As this report constitutes a deep dive into the various aspects of developing residential housing over Sunnyside Yard in Queens, I've provided the following Directory so you can click to view a section or scroll through the work in its entirety.
- Platform Developments & Community Activism in NYC
- Hudson Yard & The Economics of 21st Century Platforms
- Acreage & Density: Providing Context for Development Space
- Urban Density Measures: People per Square Foot of Land & Square Feet of Living Space per Person
- Recent History of Infrastructure Deficits in Western Queens
High Rise Building Developments Began with Development of the Elevator
The first modern elevator was showcased in the mid 1850's, but elevators didn't go into widespread public use until the 1870's after elevator safety issues had been addressed.
A couple decades later in the 1880's, elevators began to run on electricity not steam, and the erection of high rises in New York City and elsewhere began in earnest. The Dakota at 71st Street and Central Park West on the Upper West Side was one of the first great high rises in New York City and it was erected in 1884. John Lennon, one of the most famous residents of the building, wasn't even a sparkle in his grandfather's eye.
The photo at right shows Central Park West looking south from about 80th Street. The Dakota is one of the high rises shown along the right.
20th Century Platform Developments NYC
By the turn of the 20th century, high rise buildings were popping up everywhere. Real estate development visionaries like Wilbur J. Wilgus, who worked for New York Central Railroad, envisioned a period of even grander buildings. Wilgus was the first to propose building over the railway yards just north of Grand Central Terminal. For the next century and beyond, ambitious real estate developers identified and executed a number of large scale platform developments in New York City. To date the engineering issues associated with erecting platforms over large spaces in New York City have always been technically and economically surmountable.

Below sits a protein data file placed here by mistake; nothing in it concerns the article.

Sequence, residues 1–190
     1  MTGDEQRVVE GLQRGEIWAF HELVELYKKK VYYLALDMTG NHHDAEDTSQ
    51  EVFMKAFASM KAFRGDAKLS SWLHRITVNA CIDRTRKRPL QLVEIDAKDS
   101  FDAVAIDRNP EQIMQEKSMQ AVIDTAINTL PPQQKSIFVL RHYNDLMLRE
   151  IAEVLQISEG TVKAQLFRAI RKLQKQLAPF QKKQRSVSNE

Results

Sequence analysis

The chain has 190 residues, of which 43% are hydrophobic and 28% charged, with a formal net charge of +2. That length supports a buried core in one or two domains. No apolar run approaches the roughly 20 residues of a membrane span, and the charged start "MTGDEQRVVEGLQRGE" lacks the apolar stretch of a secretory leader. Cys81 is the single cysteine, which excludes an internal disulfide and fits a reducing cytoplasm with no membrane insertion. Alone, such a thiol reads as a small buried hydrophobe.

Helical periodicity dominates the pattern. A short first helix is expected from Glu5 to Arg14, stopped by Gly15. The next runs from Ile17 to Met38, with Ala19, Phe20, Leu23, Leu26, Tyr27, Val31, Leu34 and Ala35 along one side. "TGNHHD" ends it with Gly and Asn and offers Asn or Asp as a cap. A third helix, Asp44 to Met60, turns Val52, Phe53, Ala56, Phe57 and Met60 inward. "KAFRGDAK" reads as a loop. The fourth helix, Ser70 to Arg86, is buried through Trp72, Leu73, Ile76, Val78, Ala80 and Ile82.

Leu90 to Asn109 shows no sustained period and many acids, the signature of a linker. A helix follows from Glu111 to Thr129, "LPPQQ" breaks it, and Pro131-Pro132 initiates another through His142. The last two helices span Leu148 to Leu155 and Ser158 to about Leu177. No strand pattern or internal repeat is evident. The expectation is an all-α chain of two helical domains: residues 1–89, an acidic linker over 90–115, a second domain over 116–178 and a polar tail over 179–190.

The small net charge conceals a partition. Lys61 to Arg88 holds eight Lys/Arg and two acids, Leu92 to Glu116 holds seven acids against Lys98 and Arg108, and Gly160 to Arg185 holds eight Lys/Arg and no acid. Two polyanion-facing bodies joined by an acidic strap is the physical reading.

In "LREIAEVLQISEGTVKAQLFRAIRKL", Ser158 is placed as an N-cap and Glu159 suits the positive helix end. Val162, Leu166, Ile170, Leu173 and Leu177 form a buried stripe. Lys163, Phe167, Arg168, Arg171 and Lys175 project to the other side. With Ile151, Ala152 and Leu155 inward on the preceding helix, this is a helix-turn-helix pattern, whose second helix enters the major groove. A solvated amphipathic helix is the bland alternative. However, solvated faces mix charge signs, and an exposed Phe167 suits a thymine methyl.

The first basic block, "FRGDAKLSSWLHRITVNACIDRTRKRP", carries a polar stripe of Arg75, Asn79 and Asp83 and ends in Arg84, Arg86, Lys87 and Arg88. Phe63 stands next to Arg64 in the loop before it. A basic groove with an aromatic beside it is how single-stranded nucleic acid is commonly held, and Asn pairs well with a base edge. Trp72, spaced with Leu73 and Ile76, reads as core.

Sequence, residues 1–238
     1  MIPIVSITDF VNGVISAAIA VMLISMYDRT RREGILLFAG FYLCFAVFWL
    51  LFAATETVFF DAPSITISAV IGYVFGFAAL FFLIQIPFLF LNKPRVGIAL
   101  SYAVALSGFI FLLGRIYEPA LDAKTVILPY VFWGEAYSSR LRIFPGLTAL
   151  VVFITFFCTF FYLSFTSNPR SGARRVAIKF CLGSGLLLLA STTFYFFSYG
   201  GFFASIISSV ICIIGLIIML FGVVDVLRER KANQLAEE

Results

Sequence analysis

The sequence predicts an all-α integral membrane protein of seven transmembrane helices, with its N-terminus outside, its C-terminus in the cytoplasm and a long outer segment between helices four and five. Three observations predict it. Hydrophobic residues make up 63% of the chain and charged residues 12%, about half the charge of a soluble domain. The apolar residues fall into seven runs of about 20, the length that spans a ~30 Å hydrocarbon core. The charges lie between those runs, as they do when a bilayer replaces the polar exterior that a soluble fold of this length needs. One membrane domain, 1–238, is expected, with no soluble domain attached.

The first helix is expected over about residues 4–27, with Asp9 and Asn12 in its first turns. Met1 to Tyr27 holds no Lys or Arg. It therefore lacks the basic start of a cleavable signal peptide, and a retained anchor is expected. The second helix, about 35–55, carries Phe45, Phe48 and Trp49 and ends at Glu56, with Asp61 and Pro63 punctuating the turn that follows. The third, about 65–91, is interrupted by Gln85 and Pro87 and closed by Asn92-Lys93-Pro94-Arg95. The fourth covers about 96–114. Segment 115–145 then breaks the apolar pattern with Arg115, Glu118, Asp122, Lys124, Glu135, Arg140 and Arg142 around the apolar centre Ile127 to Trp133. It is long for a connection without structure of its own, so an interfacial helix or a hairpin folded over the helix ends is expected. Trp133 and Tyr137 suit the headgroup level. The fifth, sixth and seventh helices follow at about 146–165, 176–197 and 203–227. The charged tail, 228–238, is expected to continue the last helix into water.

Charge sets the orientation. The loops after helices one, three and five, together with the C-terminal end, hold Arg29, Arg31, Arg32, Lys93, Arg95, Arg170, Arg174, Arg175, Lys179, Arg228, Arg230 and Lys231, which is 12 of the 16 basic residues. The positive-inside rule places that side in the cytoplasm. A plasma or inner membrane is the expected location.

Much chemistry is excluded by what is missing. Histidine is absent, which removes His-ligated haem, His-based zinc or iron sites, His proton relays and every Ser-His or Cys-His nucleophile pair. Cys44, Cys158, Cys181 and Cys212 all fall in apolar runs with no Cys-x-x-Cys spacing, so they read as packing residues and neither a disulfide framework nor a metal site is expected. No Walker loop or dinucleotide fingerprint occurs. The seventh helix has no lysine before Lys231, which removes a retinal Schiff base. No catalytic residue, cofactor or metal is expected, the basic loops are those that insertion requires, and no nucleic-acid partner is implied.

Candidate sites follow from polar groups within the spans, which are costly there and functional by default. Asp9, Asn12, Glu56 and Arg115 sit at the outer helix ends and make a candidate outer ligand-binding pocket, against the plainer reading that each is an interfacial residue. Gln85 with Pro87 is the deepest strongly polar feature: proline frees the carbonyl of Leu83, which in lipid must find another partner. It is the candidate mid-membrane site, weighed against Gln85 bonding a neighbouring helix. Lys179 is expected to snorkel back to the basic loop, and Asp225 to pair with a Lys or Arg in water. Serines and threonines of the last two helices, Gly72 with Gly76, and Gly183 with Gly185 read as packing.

Several notable executions of large platforms over rail yards and roadways in metropolitan New York City include:
1) Grand Central Terminal 1903 - 1913. The photo at right shows the proposed early 20th century platform development north of Grand Central Terminal in present day Midtown.
A second time in 1963 with the erection of the Pan Am Building [now MetLife] over the northern end of Grand Central Terminal. A third effort began in the late 1960's but it was beaten down by historical preservationists including Jacqueline Kennedy Onassis.
2) Penn Station was erected in 1910 [check] over the Penn Central rail yards. The station was replaced in 1962 - 1963 with Madison Square Garden.
3) The Brooklyn Queens Expressway was built under the Brooklyn Heights Promenade to preserve the community / historic district.
4) The Washington Heights Public Housing Project collaboration with a developer [?] in 1963 over the Manhattan entrance to the George Washington Bridge.
5) Barclays Stadium in Brooklyn in 2012 [?].
6) currently the Related Companies is building over the Hudson Yard near Penn Station.
We'll make references to all of these developments at some point in this report.
Community / Historical Preservation not an Issue for First Early 20th Century Developments